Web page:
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Nadezhda Kutepova and the growing danger for anti nuclear activists in Russia

CRACKDOWN IN RUSSIA: CRITICS ACCUSE NUCLEAR AUTHORITIES OF SOVIET-STYLE COVER-UPS AND HEAVY-HANDED TACTICS, Newsweek, BY MARC BENNETTS One thing that’s clear: The risks are growing for environmental and human rights activists who take on the powerful nuclear agency. Just ask Nadezhda Kutepova, 45, the head of a human rights organization that helped the victims of radiation pollution in and around Ozyorsk. “At first, I didn’t pay much attention to the reports about the radioactive pollution, but as soon as I heard that Rosatom had said everything was OK and that Mayak officials were denying an accident had taken place, I started to monitor the situation,” she tells Newsweek. “These are very cynical people.”

Kutepova was born in Ozyorsk in 1974. Her father worked at Mayak for 35 years and took part in the 1957 clean-up. He died of cancer in 1985, but the Soviet authorities never officially admitted that the illness was linked to his job. In 2007, after a long legal battle, Kutepova forced the government to recognize her father as a victim of occupational radiation sickness. Neither Kutepova nor her mother, however, received compensation.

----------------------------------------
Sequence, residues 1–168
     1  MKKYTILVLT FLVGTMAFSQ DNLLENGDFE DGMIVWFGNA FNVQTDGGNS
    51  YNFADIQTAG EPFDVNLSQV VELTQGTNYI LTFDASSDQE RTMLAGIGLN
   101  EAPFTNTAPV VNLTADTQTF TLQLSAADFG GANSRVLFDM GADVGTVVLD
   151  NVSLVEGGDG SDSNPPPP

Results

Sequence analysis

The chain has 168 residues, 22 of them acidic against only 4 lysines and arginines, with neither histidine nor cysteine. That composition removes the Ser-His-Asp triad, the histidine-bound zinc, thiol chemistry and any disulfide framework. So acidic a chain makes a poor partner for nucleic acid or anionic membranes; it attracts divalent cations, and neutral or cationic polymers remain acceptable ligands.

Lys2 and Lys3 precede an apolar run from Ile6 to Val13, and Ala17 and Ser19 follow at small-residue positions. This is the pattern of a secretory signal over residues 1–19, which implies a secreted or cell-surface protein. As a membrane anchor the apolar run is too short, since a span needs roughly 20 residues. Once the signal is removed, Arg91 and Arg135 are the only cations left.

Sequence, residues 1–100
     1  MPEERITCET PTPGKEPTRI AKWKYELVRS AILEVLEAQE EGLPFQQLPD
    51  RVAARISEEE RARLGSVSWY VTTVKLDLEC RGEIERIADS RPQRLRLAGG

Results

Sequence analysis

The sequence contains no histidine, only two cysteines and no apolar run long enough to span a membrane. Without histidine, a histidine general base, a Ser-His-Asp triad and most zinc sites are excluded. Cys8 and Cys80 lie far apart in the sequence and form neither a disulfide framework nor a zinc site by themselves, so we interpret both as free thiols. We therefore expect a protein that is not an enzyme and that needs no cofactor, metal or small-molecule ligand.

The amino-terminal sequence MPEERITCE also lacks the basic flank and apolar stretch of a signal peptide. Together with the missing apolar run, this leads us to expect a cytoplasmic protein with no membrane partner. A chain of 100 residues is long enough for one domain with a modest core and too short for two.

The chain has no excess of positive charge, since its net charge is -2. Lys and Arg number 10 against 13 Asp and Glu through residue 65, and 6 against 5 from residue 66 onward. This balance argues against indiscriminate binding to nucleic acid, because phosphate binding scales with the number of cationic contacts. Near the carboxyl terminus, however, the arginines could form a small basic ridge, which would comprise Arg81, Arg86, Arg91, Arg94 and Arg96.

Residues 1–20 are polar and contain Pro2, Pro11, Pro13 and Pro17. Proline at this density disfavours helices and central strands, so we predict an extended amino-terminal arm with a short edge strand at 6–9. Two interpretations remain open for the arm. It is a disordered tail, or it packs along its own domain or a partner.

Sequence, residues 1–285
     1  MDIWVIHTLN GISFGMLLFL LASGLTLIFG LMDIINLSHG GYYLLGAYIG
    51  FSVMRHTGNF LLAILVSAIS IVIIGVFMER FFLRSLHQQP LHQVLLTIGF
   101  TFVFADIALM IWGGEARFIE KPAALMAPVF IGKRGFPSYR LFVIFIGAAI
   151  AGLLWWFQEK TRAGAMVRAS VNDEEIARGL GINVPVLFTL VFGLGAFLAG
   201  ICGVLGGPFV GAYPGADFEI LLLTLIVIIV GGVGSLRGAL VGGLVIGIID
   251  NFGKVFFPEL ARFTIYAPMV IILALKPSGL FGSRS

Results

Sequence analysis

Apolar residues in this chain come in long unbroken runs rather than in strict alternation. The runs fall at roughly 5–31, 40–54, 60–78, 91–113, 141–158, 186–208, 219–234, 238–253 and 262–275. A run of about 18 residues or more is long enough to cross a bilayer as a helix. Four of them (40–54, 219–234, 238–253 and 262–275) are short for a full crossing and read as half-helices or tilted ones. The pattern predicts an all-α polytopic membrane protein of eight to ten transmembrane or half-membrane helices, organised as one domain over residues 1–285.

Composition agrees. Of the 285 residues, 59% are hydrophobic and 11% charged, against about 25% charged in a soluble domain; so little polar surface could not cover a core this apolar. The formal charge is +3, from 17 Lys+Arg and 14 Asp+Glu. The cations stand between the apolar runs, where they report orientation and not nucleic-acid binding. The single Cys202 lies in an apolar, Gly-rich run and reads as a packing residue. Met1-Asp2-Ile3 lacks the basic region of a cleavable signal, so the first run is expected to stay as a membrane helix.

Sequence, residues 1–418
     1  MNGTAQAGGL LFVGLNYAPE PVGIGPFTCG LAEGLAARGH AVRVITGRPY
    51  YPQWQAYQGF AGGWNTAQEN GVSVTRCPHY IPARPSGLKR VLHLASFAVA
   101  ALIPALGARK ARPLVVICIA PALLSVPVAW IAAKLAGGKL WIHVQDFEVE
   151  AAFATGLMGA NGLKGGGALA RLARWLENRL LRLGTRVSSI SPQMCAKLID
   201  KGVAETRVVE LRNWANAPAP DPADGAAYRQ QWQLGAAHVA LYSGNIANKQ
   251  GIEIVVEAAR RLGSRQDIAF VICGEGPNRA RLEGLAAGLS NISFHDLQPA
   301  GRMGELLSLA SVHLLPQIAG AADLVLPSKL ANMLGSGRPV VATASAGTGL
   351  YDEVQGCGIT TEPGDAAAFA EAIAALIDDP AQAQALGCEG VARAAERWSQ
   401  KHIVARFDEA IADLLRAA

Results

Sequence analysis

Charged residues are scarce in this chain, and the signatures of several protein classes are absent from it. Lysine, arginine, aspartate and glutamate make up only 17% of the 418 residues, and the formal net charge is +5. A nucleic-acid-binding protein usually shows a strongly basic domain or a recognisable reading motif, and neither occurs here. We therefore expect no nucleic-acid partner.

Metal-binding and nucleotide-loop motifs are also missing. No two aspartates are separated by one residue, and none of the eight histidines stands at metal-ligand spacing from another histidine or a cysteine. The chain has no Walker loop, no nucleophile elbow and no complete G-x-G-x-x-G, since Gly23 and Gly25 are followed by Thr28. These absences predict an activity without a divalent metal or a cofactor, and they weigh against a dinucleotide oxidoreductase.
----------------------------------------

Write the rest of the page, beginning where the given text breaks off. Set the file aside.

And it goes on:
Kutepova didn’t fight only for her family. She also tried to force Rosatom to pay for medical treatment for locals affected by illnesses related to decades of atomic pollution. In 2013, Kutepova discovered the first known case of third-generation radiation sickness in the region. The case involved a 6-year-old girl named Regina Khasanova who died of cancer. Medical experts said her death was caused by genetic mutations that resulted from the radiation her grandmother was exposed to during the 1957 clean-up at Mayak.

Two years later, Kutepova was forced to flee Russia after state TV accused her of trying to exploit the nuclear issue to foment revolution. Another report said she was attempting to destroy Russia’s nuclear deterrent on behalf of the United States. The purported evidence? Her human rights group received financing from the U.S. government–funded National Endowment for Democracy, which Russian officials have accused of seeking to topple Putin. (The NED says its aim is to promote worldwide democracy.) “We never covered up this funding,” Kutepova says. “We also received funds from organizations in Canada, Germany and the Netherlands.”

One of the televised reports even showed the door to Kutepova’s apartment, which caused her to fear for her safety. Kutepova and her four children now live in France, where she has political asylum…….http://www.newsweek.com/crackdown-russia-critics-accuse-nuclear-authorities-soviet-style-cover-ups-and-755389

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December 22, 2017 - Posted by | civil liberties, PERSONAL STORIES, Russia

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